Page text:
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Transitioning to a Portfolio Appropriate for Age 80 and Older
Old 01-05-2016, 10:33 PM   #1
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Transitioning to a Portfolio Appropriate for Age 80 and Older

I've been dealing with some longevity issues with my retirement portfolio recently, and it's really got me thinking about what kind of portfolio I'm going to be willing to deal with when (if) I reach my 80s.

Am I going to be willing to rebalance every year? Probably not. At some point I'll just want to let it ride figuring with a shorter time horizon it doesn't matter that allocations get out of whack.

Best case scenario is just have distributions sent to some account where I draw my living expenses and be able to leave everything on autopilot. Wouldn't really worry about funds building up in the account.

It's still 24 years away for me, but I've already maintained this retirement portfolio for >16 years and I can guess that simplicity will become increasingly important.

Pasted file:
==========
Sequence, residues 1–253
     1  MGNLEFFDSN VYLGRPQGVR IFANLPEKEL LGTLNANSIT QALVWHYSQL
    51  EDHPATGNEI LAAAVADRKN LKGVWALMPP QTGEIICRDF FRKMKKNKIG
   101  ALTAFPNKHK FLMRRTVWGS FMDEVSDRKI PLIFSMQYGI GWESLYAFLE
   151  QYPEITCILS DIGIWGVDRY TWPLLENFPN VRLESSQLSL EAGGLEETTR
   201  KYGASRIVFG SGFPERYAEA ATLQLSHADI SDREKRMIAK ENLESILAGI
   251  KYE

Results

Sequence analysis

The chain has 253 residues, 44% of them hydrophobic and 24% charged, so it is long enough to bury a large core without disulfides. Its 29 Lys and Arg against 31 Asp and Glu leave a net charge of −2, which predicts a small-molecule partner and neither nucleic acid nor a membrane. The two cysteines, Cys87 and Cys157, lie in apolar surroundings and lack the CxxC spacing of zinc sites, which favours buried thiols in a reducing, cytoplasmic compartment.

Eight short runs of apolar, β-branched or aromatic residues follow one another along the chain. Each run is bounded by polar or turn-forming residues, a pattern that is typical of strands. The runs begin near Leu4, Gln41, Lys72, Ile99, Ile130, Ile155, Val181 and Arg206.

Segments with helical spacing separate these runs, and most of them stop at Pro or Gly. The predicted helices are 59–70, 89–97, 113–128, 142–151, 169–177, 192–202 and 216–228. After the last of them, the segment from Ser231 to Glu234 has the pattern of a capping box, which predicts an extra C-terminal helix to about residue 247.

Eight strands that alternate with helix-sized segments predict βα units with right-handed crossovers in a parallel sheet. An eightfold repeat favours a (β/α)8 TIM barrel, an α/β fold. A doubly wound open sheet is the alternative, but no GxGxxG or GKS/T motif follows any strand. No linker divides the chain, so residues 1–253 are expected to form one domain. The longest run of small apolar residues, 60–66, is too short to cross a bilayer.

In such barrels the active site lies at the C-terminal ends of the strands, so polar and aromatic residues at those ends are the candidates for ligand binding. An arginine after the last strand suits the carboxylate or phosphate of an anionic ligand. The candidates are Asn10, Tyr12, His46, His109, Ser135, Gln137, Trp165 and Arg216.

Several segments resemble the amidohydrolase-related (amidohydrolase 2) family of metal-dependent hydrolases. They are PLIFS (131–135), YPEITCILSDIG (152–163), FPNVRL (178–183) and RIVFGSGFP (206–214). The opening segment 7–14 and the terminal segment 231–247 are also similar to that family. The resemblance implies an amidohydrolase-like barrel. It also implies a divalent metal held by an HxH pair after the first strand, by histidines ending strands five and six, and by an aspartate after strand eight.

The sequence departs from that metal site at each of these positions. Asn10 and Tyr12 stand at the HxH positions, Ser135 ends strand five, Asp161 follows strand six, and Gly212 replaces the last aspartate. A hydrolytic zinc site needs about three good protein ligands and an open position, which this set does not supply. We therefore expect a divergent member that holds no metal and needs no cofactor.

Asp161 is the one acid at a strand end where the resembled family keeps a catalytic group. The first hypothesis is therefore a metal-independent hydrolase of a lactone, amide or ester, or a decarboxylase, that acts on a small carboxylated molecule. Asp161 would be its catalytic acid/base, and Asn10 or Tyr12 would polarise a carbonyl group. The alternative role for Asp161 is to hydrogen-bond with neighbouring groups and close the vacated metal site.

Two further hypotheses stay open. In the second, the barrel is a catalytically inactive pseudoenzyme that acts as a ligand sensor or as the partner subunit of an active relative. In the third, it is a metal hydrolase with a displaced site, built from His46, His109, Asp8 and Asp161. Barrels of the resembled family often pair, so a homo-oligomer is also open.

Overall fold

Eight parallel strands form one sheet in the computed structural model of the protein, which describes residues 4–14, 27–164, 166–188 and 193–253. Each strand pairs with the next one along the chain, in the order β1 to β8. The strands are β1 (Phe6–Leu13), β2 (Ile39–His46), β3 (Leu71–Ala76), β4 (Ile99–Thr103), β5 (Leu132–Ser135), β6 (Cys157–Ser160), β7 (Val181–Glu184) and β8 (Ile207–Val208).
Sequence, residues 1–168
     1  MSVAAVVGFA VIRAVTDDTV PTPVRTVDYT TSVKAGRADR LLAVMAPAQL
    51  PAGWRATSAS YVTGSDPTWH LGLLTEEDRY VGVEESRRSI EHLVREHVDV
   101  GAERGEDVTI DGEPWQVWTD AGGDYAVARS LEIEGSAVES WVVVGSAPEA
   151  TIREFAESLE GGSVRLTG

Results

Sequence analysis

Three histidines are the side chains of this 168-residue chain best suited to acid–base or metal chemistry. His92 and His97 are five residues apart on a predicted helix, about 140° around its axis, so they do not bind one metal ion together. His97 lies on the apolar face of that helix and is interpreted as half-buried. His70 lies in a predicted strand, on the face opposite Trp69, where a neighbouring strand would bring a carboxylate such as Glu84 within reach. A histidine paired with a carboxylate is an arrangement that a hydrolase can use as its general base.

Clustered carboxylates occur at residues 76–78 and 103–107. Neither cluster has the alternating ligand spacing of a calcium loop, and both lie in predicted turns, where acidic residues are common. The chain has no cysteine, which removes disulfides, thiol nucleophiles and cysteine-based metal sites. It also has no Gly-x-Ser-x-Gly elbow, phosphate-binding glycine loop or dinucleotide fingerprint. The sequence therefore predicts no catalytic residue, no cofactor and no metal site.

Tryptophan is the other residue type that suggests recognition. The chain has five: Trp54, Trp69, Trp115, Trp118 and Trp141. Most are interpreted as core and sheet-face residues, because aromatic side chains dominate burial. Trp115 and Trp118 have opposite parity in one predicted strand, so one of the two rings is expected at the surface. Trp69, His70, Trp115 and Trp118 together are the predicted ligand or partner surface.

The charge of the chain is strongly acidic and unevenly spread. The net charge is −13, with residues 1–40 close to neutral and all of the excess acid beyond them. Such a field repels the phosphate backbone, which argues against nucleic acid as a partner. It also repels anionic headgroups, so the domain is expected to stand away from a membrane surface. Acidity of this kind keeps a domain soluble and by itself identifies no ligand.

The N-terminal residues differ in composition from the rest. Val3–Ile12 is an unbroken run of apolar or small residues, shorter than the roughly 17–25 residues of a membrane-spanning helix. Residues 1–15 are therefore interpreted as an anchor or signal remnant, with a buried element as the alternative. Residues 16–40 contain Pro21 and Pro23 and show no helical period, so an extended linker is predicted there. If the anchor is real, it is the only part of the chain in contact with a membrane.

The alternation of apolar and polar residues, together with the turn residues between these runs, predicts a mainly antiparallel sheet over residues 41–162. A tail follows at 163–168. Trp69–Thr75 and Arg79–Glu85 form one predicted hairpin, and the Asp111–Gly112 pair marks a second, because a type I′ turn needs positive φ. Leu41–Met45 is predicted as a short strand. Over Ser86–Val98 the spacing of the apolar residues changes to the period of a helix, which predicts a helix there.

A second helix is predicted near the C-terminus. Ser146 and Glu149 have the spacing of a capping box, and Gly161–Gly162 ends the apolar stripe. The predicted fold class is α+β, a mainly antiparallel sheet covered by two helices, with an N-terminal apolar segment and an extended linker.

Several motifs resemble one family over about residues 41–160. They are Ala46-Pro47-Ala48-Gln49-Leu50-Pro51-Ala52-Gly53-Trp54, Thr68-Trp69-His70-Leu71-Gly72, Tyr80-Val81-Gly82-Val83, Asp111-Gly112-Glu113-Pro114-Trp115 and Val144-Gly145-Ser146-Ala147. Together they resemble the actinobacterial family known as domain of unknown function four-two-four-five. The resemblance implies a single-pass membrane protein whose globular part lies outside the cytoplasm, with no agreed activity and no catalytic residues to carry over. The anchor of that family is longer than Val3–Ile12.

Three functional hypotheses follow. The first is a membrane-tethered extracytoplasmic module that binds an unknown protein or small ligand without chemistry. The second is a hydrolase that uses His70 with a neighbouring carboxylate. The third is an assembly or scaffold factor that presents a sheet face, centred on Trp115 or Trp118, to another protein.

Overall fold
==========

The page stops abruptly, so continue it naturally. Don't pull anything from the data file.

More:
So I'm just thinking about what kinds of eventual transitions I might like to make and how to go about them. And when (at what age) to start the transition.

I figure people here will have lots of thoughts on this topic.
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Old 01-05-2016, 10:44 PM   #2
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I kind of like UncleMick's solution, going full auto with the whole portfolio in a retirement balanced fund.

But I am thinking taxes on the capital gains from selling everything and buying the balanced fund, might be pretty rugged, since I will also be getting RMDs, pension, & SS.

Another solution might be to buy a small SPIA that would be sufficient for expenses. They should be pretty cheap by that age.


As for the age to transition, I don't know but I don't think I'm there yet.
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Old 01-05-2016, 11:24 PM   #3